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Government use of ‘VIP lane’ to give multimillion-pound PPE contracts unlawful

The case involved more than £340 million in contracts awarded to pest control firm PestFix and a contract worth around £252 million to Ayanda Capital.

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The campaign groups argued that millions of pounds worth of equipment was purchased in April and May 2020 without proper technical checks (Niall Carson/PA)

The campaign groups argued that millions of pounds worth of equipment was purchased in April and May 2020 without proper technical checks (Niall Carson/PA)

The campaign groups argued that millions of pounds worth of equipment was purchased in April and May 2020 without proper technical checks (Niall Carson/PA)

The Government’s use of a so-called “VIP lane” to award millions of pounds’ worth of contracts for personal protective equipment (PPE) to two companies was unlawful, the High Court has ruled.

The Good Law Project and EveryDoctor claimed the Department of Health and Social Care (DHSC) unlawfully awarded contracts to supply PPE at the height of the first wave of the coronavirus pandemic.

The groups took legal action over more than £340 million in contracts awarded to pest control firm PestFix and a contract worth around £252 million to the hedge fund Ayanda Capital.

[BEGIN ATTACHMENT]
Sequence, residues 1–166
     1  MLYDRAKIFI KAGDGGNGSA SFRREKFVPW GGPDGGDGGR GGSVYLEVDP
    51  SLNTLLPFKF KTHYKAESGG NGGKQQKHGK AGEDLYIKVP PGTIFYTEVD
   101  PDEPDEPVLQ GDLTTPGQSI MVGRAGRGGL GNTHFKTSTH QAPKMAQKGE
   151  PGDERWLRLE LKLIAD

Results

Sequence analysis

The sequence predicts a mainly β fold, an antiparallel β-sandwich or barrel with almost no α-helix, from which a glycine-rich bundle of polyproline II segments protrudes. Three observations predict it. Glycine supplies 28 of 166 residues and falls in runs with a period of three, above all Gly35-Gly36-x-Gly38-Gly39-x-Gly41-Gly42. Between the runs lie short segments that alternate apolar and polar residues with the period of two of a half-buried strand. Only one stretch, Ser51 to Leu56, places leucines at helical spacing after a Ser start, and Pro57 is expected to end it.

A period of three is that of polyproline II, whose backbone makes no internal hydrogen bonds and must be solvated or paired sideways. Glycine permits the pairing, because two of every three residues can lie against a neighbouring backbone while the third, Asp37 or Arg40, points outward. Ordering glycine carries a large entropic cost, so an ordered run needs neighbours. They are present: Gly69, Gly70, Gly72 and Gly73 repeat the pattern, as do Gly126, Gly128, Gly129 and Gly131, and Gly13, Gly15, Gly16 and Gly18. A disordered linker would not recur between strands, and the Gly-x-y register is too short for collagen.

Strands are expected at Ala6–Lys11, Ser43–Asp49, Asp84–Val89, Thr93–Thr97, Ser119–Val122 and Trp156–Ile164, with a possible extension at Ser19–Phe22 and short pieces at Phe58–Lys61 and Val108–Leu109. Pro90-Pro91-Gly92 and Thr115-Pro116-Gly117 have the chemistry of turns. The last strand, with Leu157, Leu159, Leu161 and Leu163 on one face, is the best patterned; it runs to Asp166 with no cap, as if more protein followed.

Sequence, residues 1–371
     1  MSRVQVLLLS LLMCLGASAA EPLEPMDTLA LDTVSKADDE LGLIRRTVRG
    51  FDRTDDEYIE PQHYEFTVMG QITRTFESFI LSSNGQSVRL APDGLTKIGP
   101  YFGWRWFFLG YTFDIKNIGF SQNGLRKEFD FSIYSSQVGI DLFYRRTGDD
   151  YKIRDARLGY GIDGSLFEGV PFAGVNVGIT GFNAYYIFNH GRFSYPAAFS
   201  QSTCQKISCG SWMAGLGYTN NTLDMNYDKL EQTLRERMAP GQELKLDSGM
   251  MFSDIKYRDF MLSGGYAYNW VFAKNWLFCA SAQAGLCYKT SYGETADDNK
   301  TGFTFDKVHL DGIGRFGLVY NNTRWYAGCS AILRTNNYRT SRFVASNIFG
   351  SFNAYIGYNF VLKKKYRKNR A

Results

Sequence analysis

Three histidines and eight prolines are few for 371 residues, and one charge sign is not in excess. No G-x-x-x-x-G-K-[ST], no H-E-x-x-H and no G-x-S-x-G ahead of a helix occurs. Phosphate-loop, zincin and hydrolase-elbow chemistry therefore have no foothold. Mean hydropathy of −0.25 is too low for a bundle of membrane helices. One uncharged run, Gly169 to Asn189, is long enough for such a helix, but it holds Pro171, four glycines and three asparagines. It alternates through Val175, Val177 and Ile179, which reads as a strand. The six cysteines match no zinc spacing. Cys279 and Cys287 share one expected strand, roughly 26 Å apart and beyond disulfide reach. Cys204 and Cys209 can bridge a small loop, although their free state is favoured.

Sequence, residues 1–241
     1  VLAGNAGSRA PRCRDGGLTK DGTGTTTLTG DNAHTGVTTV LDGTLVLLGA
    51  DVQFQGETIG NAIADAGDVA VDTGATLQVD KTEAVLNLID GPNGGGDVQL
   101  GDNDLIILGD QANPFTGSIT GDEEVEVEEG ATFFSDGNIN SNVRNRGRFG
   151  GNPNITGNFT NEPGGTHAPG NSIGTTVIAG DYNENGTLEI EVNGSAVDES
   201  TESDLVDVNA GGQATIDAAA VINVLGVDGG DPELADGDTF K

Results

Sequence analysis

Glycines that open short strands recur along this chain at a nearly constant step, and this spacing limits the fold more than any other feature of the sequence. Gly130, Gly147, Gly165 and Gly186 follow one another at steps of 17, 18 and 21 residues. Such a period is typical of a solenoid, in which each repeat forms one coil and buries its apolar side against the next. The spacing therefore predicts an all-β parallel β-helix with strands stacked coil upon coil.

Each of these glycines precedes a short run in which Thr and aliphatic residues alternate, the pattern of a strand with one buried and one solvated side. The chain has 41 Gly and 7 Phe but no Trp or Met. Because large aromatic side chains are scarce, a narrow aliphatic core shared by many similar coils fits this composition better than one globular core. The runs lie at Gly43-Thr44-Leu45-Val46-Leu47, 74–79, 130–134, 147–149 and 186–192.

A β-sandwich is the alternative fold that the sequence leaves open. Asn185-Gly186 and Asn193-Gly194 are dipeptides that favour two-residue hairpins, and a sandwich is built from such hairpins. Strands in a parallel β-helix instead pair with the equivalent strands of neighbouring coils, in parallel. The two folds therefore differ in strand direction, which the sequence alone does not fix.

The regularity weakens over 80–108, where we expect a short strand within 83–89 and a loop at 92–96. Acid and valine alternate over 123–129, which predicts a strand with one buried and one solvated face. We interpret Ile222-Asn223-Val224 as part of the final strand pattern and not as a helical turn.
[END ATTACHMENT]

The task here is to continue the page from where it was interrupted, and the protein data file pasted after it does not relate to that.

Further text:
The High Court was told this lane was reserved for referrals from MPs, ministers and senior officials, adding that DHSC “then prioritised suppliers including PestFix and Ayanda because of who they knew, not what they could deliver”.

The groups argued that the use of the VIP lane gave an unfair, unlawful advantage to some companies.

DHSC contested the claim, telling the court it “wholeheartedly” rejected the case against it and that the VIP lane was rational and resulted in a “large number of credible offers” in an environment where PPE deals often failed within “minutes”.

In a judgment on Wednesday, Mrs Justice O’Farrell said that it was unlawful to give the two companies preferential treatment on the basis of being part of the VIP lane.

However, she found that both of the companies’ offers “justified priority treatment on its merits” and were “very likely” to have been awarded contracts even without the VIP lane.

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